Lot 351: Delahaye 135M Cabriolet
With the arrival of the Delahaye 135M Chapron set a classic style, beautifully proportioned, that remained the benchmark for French carrossiers for two decades or more. Chapron's influence can be detected in nearly every custom-built French body from 1935 to 1955, regardless of the house by which it was designed and built.' – 'The Beaulieu Encyclopedia of the Automobile'. Based initially at Tours and from 1906 in Paris, Delahaye built its first automobile in 1894 and soon diversified into commercial vehicle manufacture. Its early products tended to be rather lacklustre but then in 1935 came the first of a new generation that would change the marque's image forever: the T135 Coupe Des Alpes. A fine sporting car, the T135 was powered by an engine which, although designed for car use, had first appeared in a Delahaye commercial vehicle. The 3.2-litre, six-cylinder, overhead-valve unit produced 110bhp on triple Solex carburettors, while the chassis featured transverse-leaf independent front suspension, four-speed synchromesh or Cotal gearboxes, centre-lock wire wheels and Bendix brakes. Delahaye improved on the formula the following year with the 3.6-litre, 120/130bhp T135MS, and the sports version was soon making a name for itself in competitions, taking 2nd, 3rd, 4th and 5th places in the run-to-sportscar-regulations 1936 French Grand Prix and winning the Monte Carlo Rally and Le Mans 24-Hour Race outright in 1937 and 1938 respectively. Prince Bira won the 1938 Donington 12-Hour Sports Car Race in Prince Chula's example and went on to take victory in Brooklands' 'fastest road car in England' race against some formidable opposition. The model reappeared post-WW2 as the 135M with the 3.6-litre engine and lasted in production until 1951. By this time Delahaye was in serious financial difficulty as a result of the French government's taxation policies, which heavily penalised cars of over 3.0-litres and, in 1954 was taken over by Hotchkiss. Delahaye had no in-house coachworks, so all its chassis were bodied by independents, which created some of their most attractive designs on the Type 135. It was a most fortuitous partnership, resulting in memorable automotive sculpture from the likes of Saoutchik, Chapron, Franay, Graber, Pennock and Figoni et Falaschi. The example offered here features handsome cabriolet coachwork by the influential Parisian carrossier, Henri Chapron. Indeed, '801741' is the only Delahaye 135M known to exist with a hydraulic/electric power-operated convertible top. It also has a radio and heater. The car was restored some years ago and previously formed part of the enormous private collection belonging to Texas attorney, the late John O'Quinn, who acquired it in 2005. Copies of over 50 pages of invoices and correspondence relating to its restoration are on file. Despite the passage of time since the rebuild, the car still presents very well. Purchased at auction by the vendor when the O'Quinn Collection was dispersed in 2010, it has seldom been used while in his extensive collection and remains in generally very good condition. Embodying the quality and performance for which Delahayes are renowned, this beautiful Chapron-bodied 135M would make a fine addition to any collection or simply a wonderful period tourer to enjoy the coming summers. Should the vehicle remain in the UK, local import taxes of 5% will be applied to the purchase price.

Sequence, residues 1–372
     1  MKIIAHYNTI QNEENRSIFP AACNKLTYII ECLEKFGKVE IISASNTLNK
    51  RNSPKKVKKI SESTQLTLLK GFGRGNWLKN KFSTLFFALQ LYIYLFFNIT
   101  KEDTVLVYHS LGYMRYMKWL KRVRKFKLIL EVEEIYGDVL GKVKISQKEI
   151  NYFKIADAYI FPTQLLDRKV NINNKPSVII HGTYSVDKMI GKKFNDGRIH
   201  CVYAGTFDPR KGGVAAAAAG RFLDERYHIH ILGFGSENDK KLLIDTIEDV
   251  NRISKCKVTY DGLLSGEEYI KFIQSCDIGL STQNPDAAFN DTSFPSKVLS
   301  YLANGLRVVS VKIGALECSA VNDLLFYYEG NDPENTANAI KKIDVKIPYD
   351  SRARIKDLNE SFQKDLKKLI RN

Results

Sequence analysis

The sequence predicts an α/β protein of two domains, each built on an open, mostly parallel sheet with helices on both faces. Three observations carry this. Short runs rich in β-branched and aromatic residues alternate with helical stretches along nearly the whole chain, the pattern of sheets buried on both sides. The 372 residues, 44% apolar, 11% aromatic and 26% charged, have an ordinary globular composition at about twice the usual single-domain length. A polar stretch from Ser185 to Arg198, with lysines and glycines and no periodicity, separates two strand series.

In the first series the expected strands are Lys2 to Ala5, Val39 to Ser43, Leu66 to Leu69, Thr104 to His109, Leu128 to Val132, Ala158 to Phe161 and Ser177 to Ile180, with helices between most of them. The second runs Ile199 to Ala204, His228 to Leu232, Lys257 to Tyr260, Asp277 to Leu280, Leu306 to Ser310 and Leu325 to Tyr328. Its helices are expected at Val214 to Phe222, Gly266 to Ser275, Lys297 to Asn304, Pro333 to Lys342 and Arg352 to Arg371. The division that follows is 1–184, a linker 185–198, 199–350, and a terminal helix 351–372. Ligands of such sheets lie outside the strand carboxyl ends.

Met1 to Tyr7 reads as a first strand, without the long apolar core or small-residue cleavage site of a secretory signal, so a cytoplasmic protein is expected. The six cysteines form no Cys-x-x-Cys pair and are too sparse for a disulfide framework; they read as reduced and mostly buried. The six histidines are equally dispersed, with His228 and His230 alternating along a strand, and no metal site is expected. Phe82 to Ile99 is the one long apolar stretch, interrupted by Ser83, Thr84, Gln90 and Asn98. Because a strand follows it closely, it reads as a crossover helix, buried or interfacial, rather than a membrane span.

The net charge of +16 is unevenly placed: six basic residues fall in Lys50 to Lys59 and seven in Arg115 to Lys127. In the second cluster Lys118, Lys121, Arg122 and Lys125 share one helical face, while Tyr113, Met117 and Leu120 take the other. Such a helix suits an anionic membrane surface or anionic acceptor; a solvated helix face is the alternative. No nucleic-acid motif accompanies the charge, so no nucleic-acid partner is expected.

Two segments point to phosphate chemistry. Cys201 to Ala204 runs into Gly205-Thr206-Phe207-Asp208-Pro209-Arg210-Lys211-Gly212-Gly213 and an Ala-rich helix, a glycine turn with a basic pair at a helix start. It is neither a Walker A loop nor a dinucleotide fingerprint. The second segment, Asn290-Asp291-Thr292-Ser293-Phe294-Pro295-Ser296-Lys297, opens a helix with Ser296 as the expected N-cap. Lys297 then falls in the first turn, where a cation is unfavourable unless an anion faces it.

Collectors' Motor cars and Automobilia|
Bonhams, Weybridge, Mercedes-Benz World Brooklands
|Hammer Price (inc premium)||£3105|
|Engine capacity (cc)|
|Engine - cylinders|
|Number of doors||2|